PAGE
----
For Roy Terwilliger, a lifetime of community service – most of it in Eden Prairie – was sparked by his family’s involvement in a tiny town in South Dakota.
“One of my most vivid memories – I was 4 or 5 – was of an old guy who lived by himself in a tarpaper shack in town,” Terwilliger recalls. “His house caught on fire. The town fire truck wouldn’t start. My dad went over with his truck, his gas truck, (and) pulled the fire truck to the fire, so they could use the pumping mechanism and pour water on the fire. I didn’t go to the fire – I was with my mother. But my dad then came and got our car, went and put the guy in the back of the car, and drove 13 miles to the hospital. Had to stop and get gas in the car. I saw the guy – a terrible mess. You could see how burned he was.
“So, you witness that kind of community involvement – I get teary-eyed thinking about it – when you see that, that’s what it’s all about. That’s the kind of example I had for parents.”
Terwilliger’s contributions over his 85 years may be less dramatic, but important nonetheless.
He helped launch institutions like Eden Prairie Rotary, the Eden Prairie Community Foundation, and the Eden Prairie Crime Prevention Fund. He helped grow the Eden Prairie Chamber of Commerce and hire its first staff. He founded Eden Prairie’s first bank. He represented Eden Prairie in the Minnesota Senate for 10 years.
And, this fall, he will end his involvement as a founding board member of the nonprofit Eden Prairie Local News (EPLN), resurrected from the ashes of a 46-year-old community newspaper, the Eden Prairie News.
Humble to a fault, Terwilliger credits responsibility for making Eden Prairie one of the best cities in America to a circle of people that could be found at just about every meeting in the late-1970s and ’80s, as Eden Prairie was beginning its rapid growth: Paul Redpath, Sidney Pauly, Jerry McCoy, Billy Bye, Dean Edstrom, Don Brauer, Roger Ulstad, and several others.
“We moved here because of the community,” Terwilliger says, “and I was able to contribute in some small way.”
Terwilliger likes to joke that that town he grew up in, Winfred, S.D., was so small that ranking sixth in your class meant last place. Its 2020 population was 68 people; today, it’s 38. The nearest “big town” is Madison, population 7,249.
The fourth of four sons raised by Harold and Alice, Roy was exposed to his parents’ wide involvement in the community, including his father’s roles as school board clerk, political activist, and timekeeper at sporting events. He says his mother was also involved in many things.
“It was just kind of the thing to do,” says Roy.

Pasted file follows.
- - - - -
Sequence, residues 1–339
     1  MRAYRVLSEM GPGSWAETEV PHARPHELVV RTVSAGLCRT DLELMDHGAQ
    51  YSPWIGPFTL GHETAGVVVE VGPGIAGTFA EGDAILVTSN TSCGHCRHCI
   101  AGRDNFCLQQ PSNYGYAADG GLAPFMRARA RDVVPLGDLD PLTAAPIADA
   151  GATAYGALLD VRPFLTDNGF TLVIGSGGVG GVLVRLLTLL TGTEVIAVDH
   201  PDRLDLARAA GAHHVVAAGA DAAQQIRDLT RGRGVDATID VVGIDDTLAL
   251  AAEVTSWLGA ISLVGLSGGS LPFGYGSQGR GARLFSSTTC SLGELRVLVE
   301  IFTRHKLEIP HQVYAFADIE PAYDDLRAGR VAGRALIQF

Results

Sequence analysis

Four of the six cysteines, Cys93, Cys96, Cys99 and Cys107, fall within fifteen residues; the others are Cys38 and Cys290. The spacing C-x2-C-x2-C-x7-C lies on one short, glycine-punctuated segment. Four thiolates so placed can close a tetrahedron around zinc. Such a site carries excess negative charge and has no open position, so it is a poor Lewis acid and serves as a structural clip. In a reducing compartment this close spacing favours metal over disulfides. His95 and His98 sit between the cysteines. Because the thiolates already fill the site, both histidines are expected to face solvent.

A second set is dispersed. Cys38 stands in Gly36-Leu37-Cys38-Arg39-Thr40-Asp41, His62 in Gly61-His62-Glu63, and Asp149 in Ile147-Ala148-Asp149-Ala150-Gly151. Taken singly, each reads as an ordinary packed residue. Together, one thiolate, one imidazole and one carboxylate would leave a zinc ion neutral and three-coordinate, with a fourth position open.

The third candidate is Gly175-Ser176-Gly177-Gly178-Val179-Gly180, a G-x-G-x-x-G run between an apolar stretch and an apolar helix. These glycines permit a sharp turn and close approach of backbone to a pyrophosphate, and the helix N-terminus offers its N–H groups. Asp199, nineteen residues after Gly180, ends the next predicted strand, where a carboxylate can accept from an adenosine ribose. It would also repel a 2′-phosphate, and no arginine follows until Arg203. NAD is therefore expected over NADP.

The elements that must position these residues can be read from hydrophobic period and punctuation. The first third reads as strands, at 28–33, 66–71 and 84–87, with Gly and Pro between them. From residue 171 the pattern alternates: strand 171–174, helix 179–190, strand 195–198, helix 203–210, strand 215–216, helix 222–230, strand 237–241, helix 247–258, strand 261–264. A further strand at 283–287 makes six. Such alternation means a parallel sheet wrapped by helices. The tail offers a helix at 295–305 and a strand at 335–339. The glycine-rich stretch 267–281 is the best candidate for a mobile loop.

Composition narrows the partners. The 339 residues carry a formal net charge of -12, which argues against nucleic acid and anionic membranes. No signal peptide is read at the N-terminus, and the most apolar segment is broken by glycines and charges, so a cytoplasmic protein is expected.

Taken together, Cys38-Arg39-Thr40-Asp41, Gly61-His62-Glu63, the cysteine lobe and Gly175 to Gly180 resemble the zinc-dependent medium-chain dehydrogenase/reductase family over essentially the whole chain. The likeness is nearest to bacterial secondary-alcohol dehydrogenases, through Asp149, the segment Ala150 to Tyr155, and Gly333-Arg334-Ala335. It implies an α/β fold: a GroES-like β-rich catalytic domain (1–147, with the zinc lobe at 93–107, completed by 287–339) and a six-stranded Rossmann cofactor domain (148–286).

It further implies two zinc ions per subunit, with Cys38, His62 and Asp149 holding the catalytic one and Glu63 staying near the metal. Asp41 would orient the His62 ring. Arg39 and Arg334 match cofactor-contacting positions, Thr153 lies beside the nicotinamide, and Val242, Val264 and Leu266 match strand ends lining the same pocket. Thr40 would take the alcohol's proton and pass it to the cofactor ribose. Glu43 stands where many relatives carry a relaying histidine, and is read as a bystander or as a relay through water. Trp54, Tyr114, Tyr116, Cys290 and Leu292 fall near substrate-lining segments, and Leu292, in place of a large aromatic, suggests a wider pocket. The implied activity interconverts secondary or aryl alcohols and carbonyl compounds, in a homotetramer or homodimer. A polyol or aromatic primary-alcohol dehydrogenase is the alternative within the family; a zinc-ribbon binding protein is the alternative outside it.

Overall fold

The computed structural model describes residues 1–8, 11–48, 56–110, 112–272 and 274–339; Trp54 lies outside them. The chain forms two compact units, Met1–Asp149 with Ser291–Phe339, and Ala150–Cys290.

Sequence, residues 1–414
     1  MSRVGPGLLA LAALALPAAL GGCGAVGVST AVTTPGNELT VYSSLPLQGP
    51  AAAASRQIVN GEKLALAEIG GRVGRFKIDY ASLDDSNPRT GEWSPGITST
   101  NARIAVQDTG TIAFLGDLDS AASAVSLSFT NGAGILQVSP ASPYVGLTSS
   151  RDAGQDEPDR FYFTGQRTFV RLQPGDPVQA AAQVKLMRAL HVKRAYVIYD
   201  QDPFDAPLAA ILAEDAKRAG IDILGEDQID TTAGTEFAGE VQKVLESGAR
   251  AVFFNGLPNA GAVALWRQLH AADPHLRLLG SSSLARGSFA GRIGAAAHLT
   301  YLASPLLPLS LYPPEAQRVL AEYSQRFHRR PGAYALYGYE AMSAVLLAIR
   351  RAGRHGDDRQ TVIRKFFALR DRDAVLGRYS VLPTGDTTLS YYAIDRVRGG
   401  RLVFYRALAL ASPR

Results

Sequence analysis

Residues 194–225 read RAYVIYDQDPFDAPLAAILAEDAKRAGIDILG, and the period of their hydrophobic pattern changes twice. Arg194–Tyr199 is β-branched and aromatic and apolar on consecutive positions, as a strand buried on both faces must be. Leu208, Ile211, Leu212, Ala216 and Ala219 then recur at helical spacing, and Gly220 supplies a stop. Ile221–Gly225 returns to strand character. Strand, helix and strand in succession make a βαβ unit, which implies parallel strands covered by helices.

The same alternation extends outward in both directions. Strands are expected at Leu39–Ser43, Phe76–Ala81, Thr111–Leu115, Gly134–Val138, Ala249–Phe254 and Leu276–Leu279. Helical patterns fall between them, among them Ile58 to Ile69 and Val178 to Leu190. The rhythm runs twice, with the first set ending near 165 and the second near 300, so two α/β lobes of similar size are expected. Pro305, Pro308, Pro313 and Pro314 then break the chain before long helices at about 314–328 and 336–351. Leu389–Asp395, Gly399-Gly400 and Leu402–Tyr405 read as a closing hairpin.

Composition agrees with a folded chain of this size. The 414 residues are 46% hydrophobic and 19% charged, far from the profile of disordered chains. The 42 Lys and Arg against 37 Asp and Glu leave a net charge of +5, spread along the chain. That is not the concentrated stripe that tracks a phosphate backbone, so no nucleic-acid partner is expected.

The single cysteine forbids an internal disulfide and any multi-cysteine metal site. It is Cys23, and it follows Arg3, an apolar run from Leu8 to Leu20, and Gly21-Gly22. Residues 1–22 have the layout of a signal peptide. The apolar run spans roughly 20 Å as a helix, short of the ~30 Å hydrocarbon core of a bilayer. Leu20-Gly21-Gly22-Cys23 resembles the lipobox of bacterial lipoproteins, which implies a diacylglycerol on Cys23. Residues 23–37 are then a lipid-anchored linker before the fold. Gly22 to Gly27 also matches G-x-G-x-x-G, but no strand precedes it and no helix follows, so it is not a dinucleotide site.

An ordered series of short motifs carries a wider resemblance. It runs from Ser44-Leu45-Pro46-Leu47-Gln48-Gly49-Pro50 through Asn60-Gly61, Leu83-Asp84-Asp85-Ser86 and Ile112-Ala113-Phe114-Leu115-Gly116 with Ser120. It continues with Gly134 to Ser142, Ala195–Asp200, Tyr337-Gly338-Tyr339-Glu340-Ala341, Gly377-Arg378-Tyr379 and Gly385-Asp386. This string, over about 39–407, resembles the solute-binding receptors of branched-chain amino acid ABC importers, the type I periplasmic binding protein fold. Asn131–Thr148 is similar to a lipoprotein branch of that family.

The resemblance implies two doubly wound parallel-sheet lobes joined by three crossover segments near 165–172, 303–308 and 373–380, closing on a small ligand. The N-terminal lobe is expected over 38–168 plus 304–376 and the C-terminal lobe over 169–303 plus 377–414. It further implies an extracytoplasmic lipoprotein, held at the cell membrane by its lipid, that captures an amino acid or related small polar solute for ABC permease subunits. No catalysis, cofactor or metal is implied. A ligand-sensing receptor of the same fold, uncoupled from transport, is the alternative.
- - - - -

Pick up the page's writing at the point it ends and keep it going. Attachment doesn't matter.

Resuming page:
Terwilliger would earn a bachelor’s degree in business administration from the University of South Dakota and a master’s in public administration from the University of Iowa. He served as a first lieutenant in the U.S. Army, helping provide security for missile sites in the Twin Cities, where he would meet his future wife and soulmate, Mary Lou.
He thought public administration would be his career, and he initially worked in Golden Valley for City Manager Roger Ulstad – who later became Eden Prairie’s city manager. Terwilliger led the South Dakota Chamber of Commerce, then worked for the American Bankers Association (ABA) in New York City and Washington, D.C.
But the ABA travel – to Europe and elsewhere – was a killer, especially since Roy and Mary Lou had started their family, eventually raising three children. In his last year with ABA, he traveled 33 weeks out of the year.
He considered opening a bank in South Dakota, but the towns he and Mary Lou considered didn’t have the strong school systems they craved.
A bank charter became available in soon-to-develop Eden Prairie – which had no bank at the time – and he jumped on the opportunity. It took two years to organize the bank, but fortunately, there was also a delay in building Eden Prairie Center that helped accommodate the opening of Suburban National Bank in the mall in 1976.
“The bank took off pretty good,” says Terwilliger. “People were looking for convenience.”
Sidney Pauly, who served on the Eden Prairie City Council and later represented EP in the Minnesota House, recalls a ceremony to “christen” the new building erected by Suburban National Bank, now home to U.S. Bank, which later purchased Terwilliger’s bank. Three bottles of champagne were hung with ribbons near a corner of the building, and Pauly and two other dignitaries were anointed to christen the bank’s new home.
“The first person swings his bottle at the post. Nothing,” Pauly recalls. “He swings the bottle several times, sometimes missing entirely, before finally cracking the bottle, some champagne oozing out.